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UK retail ecommerce sales are expected to top £60 billion ($99 billion) in 2015, helped by a strengthening economy and impressive growth in smartphone-based buying. From a global perspective, the UK will remain the world leader when it comes to retail ecommerce’s share of total retail sales, according to a new eMarketer report, “UK Retail Ecommerce 2015: Smartphone Shoppers Driving Sales Growth.”
Most retail purchases are still made in physical stores in the UK—85.6% of total retail sales will be conducted this way in 2015, eMarketer estimates—but the fact remains that retail ecommerce is seeing good traction. And even when digital channels aren’t used to make purchases, they very often play at least some role in the purchase decision.
A Deloitte report published in January 2015 suggested that digital devices influenced one-third of in-store retail sales in the UK last year, equating to a retail value of almost £100 billion ($165 billion).
Linking the worlds of physical and digital commerce is thus becoming increasingly important. One shopping trend that helps validate this view is the rising popularity in the UK of click-and-collect services that allow for digital purchases to be picked up by the customer at a physical collection point, usually in-store. According to January 2015 polling by the Interactive Media in Retail Group (IMRG) and eDigitalResearch, 73% of UK digital buyers had used click-and-collect services. Of that number, 75% said they were very satisfied with the experience.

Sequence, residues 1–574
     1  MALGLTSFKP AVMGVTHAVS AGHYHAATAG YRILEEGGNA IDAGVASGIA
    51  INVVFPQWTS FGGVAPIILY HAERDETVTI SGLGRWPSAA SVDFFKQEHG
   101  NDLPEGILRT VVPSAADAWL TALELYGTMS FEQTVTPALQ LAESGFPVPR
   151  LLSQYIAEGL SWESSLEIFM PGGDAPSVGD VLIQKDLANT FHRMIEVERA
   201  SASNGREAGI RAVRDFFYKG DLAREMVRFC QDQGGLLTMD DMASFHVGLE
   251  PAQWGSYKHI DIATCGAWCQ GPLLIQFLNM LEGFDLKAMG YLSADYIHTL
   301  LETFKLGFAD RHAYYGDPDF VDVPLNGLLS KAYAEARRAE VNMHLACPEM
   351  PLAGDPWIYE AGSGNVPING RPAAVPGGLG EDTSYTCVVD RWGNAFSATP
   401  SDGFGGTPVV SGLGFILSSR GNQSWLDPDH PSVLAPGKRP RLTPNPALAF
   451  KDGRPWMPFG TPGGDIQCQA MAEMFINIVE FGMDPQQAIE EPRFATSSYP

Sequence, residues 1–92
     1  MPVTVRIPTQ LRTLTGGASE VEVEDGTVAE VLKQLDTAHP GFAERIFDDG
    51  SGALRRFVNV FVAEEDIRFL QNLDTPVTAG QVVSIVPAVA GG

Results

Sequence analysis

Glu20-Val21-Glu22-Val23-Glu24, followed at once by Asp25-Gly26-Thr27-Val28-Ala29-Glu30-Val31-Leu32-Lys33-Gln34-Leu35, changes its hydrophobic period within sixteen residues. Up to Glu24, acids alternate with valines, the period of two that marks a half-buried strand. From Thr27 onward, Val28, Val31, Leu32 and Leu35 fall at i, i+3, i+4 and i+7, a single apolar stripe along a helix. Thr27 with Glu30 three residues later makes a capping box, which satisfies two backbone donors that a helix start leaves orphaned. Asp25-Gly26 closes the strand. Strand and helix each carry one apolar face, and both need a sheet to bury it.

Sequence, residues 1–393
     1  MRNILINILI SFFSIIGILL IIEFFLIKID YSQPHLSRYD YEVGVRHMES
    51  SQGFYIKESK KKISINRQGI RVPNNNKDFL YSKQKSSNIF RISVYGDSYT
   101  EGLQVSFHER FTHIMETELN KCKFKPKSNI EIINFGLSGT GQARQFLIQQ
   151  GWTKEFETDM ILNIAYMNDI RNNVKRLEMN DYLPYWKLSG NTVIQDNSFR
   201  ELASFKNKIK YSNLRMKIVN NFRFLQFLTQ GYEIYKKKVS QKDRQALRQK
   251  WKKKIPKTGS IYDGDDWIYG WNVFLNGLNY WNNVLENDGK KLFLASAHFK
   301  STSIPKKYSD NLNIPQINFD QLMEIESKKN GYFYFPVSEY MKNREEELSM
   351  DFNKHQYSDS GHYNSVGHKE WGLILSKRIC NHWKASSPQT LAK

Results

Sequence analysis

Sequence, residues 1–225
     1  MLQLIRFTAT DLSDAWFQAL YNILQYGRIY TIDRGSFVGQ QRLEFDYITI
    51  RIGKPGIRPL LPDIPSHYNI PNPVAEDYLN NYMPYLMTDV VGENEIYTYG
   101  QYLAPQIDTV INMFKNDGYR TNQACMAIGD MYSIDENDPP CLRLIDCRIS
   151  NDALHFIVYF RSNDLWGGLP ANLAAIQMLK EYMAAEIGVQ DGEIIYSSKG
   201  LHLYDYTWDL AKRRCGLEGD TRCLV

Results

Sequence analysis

January 2015 polling by eDigitalResearch indicated that UK consumers were keen to advance their digital purchase and fulfillment behaviors even further. The study found that a third of UK digital buyers would be willing to opt for delivery by aerial drones, particularly for small items like books and DVDs, albeit with an underlying perception that these types of services won’t “get off the ground.”
UK shoppers are often at the forefront of digital retail behaviors—for many, shopping in-store is just one possible destination on their purchase path. For example, December 2014 research for the Mobile Marketing Association (MMA) found that many UK mobile users weren’t especially likely to complete their path to purchase in-store—only 25% of those queried said a physical store was their primary completion site, vs. 37% who said their laptop typically was.
While in-store remains important, a conjoined experience across physical and digital looks to be as crucial. “I no longer think about what I can buy online and what I can buy physically: It’s all about the same experience,” said Mark Brennan, head of mobile at Manning Gottlieb OMD. “This explains why you’ve got the likes of Amazon, having gone from being a pure play digital commerce platform to opening their own store. They recognize that there are certain things that just aren’t as strong as the high street.”
eMarketer corporate subscription clients can view the full report here.
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